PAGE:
Extraneous-conductive-part: conductive part not forming part of the electrical installation and that is likely to introduce an electric potential, generally the electric potential of a local earth (this term is defined in the IEC 60050-195-2021).
The term “extraneous-conductive part” is hyphenated which means it’s a single word with specific meaning.
In Annex B of IEC 60364-1 the definition of this term from IEC 60050-195 is supplemented by the following note:
Extraneous-conductive-parts may be:
- metallic parts of the building structure;
- metal pipe systems for gas, water, heating, etc.;
- non-insulating floors and walls.
The British Standard BS 7671 defines the term “extraneous-conductive-part” as follows:
A conductive part liable to introduce a potential, generally Earth potential, and not forming part of the electrical installation.BS 7671:2018+A1:2020
A modern building has a large number of structural elements and equipment that can conduct electric current. These elements, while actually conductive parts, are not part of an electrical installation of a building. To identify the conductive parts of the building and the non-electrical equipment installed in the building, the international regulatory documents use the term “extraneous-conductive-part”.
In order to ensure that extraneous-conductive-parts of the building have an electrical potential equal to that of the local earth potential, they must generally be earthed. To this end, extraneous-conductive-parts are connected to the main earthing terminal by means of the primary equipotential bonding conductors. Supplementary equipotential bonding conductors can also be connected to extraneous-conductive-parts.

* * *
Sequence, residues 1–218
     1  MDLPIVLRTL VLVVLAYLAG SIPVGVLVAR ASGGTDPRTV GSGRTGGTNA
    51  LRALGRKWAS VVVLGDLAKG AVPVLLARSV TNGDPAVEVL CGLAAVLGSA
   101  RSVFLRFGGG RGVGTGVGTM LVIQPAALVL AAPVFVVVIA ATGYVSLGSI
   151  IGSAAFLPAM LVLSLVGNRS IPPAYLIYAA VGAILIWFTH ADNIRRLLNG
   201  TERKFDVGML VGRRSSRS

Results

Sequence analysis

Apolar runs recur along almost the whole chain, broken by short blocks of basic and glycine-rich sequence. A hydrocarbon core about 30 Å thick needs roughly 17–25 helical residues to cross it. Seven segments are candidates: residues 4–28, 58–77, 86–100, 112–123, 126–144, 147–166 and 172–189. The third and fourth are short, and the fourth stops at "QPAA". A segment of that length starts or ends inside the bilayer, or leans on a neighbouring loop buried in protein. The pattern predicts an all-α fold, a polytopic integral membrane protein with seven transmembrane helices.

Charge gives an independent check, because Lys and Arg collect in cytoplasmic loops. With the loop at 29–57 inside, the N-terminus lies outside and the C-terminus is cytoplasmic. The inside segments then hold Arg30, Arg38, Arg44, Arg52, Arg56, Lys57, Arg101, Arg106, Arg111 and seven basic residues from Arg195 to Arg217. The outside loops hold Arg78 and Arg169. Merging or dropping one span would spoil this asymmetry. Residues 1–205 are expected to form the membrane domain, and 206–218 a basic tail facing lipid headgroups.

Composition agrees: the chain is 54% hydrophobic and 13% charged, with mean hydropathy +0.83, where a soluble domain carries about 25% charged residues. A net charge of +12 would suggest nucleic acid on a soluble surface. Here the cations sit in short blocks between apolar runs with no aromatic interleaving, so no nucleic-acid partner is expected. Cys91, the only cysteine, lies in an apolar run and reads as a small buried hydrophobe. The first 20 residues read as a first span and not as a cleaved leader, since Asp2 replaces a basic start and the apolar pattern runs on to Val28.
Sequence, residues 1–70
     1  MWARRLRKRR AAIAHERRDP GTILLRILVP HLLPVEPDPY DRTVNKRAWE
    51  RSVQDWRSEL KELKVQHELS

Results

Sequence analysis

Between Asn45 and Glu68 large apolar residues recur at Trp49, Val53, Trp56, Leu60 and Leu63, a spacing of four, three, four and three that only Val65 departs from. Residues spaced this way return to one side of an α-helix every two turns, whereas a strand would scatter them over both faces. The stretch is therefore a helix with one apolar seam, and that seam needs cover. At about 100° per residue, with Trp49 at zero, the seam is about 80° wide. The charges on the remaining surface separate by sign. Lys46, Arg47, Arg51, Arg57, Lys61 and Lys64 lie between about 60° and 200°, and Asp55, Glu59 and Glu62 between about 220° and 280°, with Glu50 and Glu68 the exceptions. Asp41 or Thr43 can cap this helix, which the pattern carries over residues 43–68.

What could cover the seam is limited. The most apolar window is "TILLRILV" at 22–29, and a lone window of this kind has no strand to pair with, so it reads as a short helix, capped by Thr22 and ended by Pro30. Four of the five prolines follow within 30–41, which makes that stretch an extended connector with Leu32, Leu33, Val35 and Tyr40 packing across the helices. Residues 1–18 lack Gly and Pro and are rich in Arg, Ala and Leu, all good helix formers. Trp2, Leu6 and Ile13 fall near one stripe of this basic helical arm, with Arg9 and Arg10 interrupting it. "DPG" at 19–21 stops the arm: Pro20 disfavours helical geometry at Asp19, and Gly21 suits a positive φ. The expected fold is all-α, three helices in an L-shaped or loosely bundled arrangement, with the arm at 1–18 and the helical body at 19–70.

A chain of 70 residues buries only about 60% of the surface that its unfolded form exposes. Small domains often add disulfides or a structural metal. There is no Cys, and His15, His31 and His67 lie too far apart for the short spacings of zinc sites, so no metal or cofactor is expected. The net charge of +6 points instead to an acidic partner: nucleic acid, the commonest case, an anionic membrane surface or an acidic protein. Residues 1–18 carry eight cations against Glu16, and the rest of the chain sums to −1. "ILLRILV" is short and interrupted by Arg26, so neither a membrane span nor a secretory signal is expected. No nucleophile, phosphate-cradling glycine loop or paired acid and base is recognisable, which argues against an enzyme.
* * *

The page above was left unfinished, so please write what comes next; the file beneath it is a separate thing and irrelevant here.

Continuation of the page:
What Is an Example of an Extraneous-Conductive-Part?
Extraneous-conductive-parts include all metal structures of the building, such as steel beams and fittings, floors and walls made of sheet metal, as well as equipment installed in the building that is made of conductive materials: metal pipes of gas pipes, water pipes and heating systems, gas stoves, metal baths, sinks, radiators, faucets, etc.
How Do I Determine an Extraneous Conductive Part?
Extraneous conductive parts are any metallic objects that are not intended to be part of the electrical circuit. These parts can create shorts, causing electrical problems. To determine if an object is an extraneous-conductive-part, follow these steps:
– First, disconnect all power sources from the circuit. This includes removing batteries and unplugging cords from outlets.
– Next, using a multimeter set to the ohmmeter function, touch one probe to one end of the suspected extraneous-conductive-part. Touch the other probe to the other end of the part.
– If the multimeter reading shows continuity (a complete circuit), then the object is an extraneous-conductive-part and should be removed from the circuit.
– If the multimeter reading shows no continuity (an open circuit), then the object is not an extraneous-conductive-part and can be left in the circuit.
Is a Metallic Tray an Extraneous-Conductive-Part?
Yes, a metallic tray can be considered an extraneous-conductive-part. Any time there is a potential for electrical current to flow through a metal surface, there is the potential for that surface to become an extraneous-conductive-part. When this happens, it can create serious safety hazards.
What Is the Difference Between Exposed and Extraneous-Conductive-parts
The main difference between exposed and extraneous-conductive-parts is that the former are parts of electrical equipment which may become energized and thus pose a risk of electric shock, while the latter are parts which are not intended to be energized but may contact energized parts and create a risk of shock.
Another key difference between exposed and extraneous-conductive-parts is that the former must be insulated from all other conductive parts, while the latter need only be insulated from live parts.
Sources of Further Information
- IEC 60050-195-2021
- EC 60364-1
- BS 7671:2018+A1:2020